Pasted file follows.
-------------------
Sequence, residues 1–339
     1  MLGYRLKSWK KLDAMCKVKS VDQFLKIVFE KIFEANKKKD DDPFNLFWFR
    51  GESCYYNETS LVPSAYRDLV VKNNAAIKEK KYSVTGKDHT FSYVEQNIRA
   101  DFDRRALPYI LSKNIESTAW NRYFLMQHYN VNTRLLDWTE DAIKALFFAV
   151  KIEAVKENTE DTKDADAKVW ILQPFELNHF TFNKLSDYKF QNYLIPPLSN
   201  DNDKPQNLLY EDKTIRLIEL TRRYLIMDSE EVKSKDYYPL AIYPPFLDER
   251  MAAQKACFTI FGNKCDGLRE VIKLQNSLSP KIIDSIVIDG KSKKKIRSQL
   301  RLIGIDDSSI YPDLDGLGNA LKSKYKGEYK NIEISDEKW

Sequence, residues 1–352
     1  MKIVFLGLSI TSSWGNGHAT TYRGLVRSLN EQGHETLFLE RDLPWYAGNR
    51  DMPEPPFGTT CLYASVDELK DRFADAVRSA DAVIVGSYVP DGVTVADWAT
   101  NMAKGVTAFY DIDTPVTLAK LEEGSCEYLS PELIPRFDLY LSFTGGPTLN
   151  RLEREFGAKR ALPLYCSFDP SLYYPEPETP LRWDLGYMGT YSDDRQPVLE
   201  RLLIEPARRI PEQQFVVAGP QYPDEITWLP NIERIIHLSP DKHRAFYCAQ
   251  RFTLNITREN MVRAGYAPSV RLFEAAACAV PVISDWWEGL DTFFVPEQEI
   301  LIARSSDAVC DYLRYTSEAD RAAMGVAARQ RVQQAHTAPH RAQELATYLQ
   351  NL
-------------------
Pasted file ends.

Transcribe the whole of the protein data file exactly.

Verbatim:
Sequence, residues 1–339
     1  MLGYRLKSWK KLDAMCKVKS VDQFLKIVFE KIFEANKKKD DDPFNLFWFR
    51  GESCYYNETS LVPSAYRDLV VKNNAAIKEK KYSVTGKDHT FSYVEQNIRA
   101  DFDRRALPYI LSKNIESTAW NRYFLMQHYN VNTRLLDWTE DAIKALFFAV
   151  KIEAVKENTE DTKDADAKVW ILQPFELNHF TFNKLSDYKF QNYLIPPLSN
   201  DNDKPQNLLY EDKTIRLIEL TRRYLIMDSE EVKSKDYYPL AIYPPFLDER
   251  MAAQKACFTI FGNKCDGLRE VIKLQNSLSP KIIDSIVIDG KSKKKIRSQL
   301  RLIGIDDSSI YPDLDGLGNA LKSKYKGEYK NIEISDEKW

Sequence, residues 1–352
     1  MKIVFLGLSI TSSWGNGHAT TYRGLVRSLN EQGHETLFLE RDLPWYAGNR
    51  DMPEPPFGTT CLYASVDELK DRFADAVRSA DAVIVGSYVP DGVTVADWAT
   101  NMAKGVTAFY DIDTPVTLAK LEEGSCEYLS PELIPRFDLY LSFTGGPTLN
   151  RLEREFGAKR ALPLYCSFDP SLYYPEPETP LRWDLGYMGT YSDDRQPVLE
   201  RLLIEPARRI PEQQFVVAGP QYPDEITWLP NIERIIHLSP DKHRAFYCAQ
   251  RFTLNITREN MVRAGYAPSV RLFEAAACAV PVISDWWEGL DTFFVPEQEI
   301  LIARSSDAVC DYLRYTSEAD RAAMGVAARQ RVQQAHTAPH RAQELATYLQ
   351  NL